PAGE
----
If I had to cook all of my meals, I'd probably survive on: Pasta and Rice
Favorite movie: The Rock
Favorite TV show: Family Guy
Favorite actor: Nicholas Cage
Favorite actress: Rosario Dawson
If a movie were made of my life, I would have the following actor play me: Tyrese
Favorite musical group or performer: Usher
If I were not playing college football, I would be: Dancing
After my Stanford career, I'd like to be remembered as: Trustworthy
The best advice I ever received was: God will see you through
The people who had the greatest influence on my life: my parents
One moment in history I wish I could have seen: Paul walking on water
The place I'd most like to visit:
Virgin Islands
Hobbies: Dancing
Ten years from now, I'd like to be: A doctor, married, with a sweet pad
My advice to youngsters: Forgive more
My most prized possession: My sound system/DVD player
If I won $1 million, I would: travel the world, then pay off med school
 
Looking for respect

Stanford gets downright defensive as it looks ahead to new football season

by Rick Eymer

Timi Wusu may not be the fastest man on Stanford's football team, nor is he the biggest or the strongest. One thing is clear according to his teammates: Wusu is one of the most respected members of the team.


The Palo Alto High grad enters his senior season with a chance to start at outside linebacker as fall camp opens next Tuesday. The one-time walk-on - he's on scholarship these days - has earned the chance because of his work ethic and his commitment for excellence.
"Our lives are very similar," Stanford senior nose tackle Babatunde Oshinowo said. "We're both first generation immigrants, we believe in Christ, we believe in school and while he could have gone somewhere else to play, he choose to come here as a walk-on. I respect him for that."

Wusu (6-3, 230), who has fought back from some injuries since coming to Stanford, has earned two varsity letters while becoming one of the top special teams player. He's also moved around on the field, beginning his Cardinal career as a free safety. He's also been used as a strong safety, but comes to camp this year as an outside linebacker.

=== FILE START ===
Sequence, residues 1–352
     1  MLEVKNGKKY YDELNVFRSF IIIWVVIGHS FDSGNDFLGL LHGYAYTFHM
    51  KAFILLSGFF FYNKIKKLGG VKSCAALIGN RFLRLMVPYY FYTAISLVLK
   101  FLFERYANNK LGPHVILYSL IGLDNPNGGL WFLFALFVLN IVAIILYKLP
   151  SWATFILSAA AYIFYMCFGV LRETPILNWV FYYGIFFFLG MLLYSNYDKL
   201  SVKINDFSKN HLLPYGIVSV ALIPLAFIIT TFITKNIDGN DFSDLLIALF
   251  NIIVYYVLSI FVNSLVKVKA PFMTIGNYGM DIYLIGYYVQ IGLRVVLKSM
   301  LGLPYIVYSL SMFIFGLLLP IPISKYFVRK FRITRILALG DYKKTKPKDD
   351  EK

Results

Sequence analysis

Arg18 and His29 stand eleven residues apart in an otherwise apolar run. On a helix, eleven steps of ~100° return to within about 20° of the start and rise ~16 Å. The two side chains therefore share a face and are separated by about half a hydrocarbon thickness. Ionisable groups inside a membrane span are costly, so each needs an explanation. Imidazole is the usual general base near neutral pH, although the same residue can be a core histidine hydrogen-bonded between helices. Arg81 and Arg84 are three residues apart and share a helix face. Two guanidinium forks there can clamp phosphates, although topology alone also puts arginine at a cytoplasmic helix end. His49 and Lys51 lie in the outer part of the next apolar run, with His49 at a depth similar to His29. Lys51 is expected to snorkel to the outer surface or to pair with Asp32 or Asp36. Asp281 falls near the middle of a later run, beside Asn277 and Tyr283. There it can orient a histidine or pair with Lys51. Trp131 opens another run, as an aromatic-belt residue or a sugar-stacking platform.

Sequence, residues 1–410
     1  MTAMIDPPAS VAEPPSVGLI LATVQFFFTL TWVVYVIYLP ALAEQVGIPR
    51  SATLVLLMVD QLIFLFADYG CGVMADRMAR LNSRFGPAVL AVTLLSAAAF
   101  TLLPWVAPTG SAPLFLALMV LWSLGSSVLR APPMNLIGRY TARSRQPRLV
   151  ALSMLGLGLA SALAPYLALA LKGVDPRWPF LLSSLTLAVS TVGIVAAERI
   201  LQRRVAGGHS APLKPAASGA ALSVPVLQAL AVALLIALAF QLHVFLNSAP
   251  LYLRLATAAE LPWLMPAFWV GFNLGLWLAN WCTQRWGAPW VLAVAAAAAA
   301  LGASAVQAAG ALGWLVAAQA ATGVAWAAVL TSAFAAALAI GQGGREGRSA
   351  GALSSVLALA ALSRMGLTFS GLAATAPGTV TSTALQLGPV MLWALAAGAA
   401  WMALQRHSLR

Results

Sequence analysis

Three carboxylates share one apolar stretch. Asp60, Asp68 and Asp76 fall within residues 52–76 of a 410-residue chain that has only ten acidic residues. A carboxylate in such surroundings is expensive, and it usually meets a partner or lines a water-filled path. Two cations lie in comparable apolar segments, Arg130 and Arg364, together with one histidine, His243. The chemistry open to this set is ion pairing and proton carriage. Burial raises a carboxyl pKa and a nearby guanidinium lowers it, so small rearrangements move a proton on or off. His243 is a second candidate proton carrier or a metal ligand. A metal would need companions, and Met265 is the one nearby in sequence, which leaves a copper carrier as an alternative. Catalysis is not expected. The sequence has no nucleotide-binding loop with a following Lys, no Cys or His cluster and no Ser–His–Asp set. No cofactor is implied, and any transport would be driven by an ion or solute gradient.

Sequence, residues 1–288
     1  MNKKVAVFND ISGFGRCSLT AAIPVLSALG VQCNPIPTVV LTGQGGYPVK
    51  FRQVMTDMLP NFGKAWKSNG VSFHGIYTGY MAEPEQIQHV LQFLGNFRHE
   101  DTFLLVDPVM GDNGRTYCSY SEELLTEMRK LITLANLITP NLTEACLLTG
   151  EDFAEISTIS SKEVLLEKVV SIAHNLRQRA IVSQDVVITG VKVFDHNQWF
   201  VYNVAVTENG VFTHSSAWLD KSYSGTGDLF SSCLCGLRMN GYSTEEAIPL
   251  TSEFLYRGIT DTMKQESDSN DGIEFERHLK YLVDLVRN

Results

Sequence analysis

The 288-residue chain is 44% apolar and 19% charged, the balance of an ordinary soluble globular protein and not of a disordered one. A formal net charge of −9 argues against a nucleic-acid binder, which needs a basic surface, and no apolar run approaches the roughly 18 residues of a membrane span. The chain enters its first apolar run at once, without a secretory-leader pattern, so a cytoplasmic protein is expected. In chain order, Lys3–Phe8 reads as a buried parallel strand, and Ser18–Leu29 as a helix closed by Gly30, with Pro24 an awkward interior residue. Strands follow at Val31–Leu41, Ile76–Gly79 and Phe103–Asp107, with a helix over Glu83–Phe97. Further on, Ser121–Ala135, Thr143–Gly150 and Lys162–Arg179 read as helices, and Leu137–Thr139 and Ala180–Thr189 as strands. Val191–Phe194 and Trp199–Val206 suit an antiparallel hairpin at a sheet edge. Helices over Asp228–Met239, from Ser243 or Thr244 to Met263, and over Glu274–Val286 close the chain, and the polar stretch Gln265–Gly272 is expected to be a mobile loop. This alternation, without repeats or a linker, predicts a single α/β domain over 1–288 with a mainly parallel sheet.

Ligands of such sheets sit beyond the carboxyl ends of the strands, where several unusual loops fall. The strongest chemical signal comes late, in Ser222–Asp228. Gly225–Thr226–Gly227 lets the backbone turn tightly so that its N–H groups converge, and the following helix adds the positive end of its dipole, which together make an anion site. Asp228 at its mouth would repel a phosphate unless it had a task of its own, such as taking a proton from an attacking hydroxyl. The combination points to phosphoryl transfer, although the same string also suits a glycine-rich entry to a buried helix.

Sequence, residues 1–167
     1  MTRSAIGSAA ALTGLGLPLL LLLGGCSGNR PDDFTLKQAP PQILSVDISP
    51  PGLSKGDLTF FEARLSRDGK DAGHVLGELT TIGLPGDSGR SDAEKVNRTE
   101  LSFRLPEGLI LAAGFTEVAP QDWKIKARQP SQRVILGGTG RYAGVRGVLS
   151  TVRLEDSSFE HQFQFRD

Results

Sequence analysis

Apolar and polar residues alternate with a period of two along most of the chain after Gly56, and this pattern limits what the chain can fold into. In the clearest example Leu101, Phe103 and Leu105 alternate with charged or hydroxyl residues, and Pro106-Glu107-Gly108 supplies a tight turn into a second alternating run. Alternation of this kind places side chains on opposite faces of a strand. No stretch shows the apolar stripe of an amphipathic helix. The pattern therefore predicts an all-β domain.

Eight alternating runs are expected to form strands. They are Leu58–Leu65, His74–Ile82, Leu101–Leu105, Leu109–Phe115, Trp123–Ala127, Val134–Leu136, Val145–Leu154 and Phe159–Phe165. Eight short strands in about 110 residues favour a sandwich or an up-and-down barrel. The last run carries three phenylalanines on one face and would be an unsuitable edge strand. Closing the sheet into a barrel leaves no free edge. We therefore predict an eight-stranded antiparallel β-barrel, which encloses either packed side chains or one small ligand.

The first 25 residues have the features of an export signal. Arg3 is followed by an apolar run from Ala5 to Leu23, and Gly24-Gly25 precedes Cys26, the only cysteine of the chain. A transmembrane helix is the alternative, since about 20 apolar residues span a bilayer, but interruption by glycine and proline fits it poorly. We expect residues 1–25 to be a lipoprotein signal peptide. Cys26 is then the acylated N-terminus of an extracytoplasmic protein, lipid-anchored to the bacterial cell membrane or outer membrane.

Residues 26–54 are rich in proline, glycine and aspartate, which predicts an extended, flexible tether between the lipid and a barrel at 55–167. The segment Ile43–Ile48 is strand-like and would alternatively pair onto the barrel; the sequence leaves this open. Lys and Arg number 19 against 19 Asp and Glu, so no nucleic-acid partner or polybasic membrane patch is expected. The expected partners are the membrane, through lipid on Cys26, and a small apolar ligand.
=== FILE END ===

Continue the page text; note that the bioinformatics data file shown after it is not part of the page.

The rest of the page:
The linebacking corps may be Stanford's strength on defense this year as the Cardinal seek to gain the respect of the Pac-10.

"Timi had to work extra hard, and he had to do well in school," Stanford senior cornerback T.J. Rushing said. "He's always been a great teammate."

Rushing made it a point to include all the walk-ons as teammates, and said he was ecstatic to learn junior long snapper Brent Newhouse (6-4, 235) had been given a scholarship. "That's wonderful news," he said.

(Newhouse said he patterns his play after Dave Binn, who not only earned a scholarship at Cal as a long snapper, but played in the NFL for several years.)

With second team All-Pac-10 selection Jon Alston (6-1, 220) leading the way, linebacker may be Stanford's most talented and deepest position on the field. The Cardinal return five letter winners at both the outside position and inside spot.

Alston, one of two returning starters at linebacker with Kevin Schimmelmann (6-3, 228) is clearly at the head of the class.

"It's a very talented group," Alston said. "We're not young at all. We've been playing for awhile. Kevin added a few pounds and is just as fast, Timi is up to 230 and he can play, and (Michael) Okwo expects to be one of the best."

Alston recorded 61 tackles, 14 for a loss, 9 1-2 sacks, three forced fumbles, two fumble recoveries and an interception.

"I don't like to be a vocal guy," he said. "I like to lead by example. I have a lot of insights that I can share with my teammates. I think the team will look to the seniors to be organizers."

Schimmelmann, a fifth-year senior like Alston, started the first nine games last year, and was the team leader in tackles before an injury ended his season. He's also played musical chairs with defensive positions, spending time at inside linebacker, outside linebacker, free safety and strong safety in a Cardinal uniform.

Okwo (6-0, 220) started in Schimmelmann's place last year, and finished with 39 tackles for the season. The junior was an All-Pac-10 special teams selection along with kickoff returner T.J. Rushing.

Wusu, who also competed on Stanford's track and field team for three years, was an All-Pac-10 Academic pick. On the field he began earning his reputation for toughness as a redshirt freshman in 2002, picking up the Phil Moffat Award as the team's top defensive special teams player.

Wusu appeared in the season opener against San Jose State the next year, but sustained a knee injury which caused him to miss the rest of the year.

He had 20 tackles last year, including a career-best nine in Stanford's victory over Washington.

"I know if I'm doing my job, the linebackers will be there to back me up," Oshinowo said. "The seniors are getting everybody on the same page."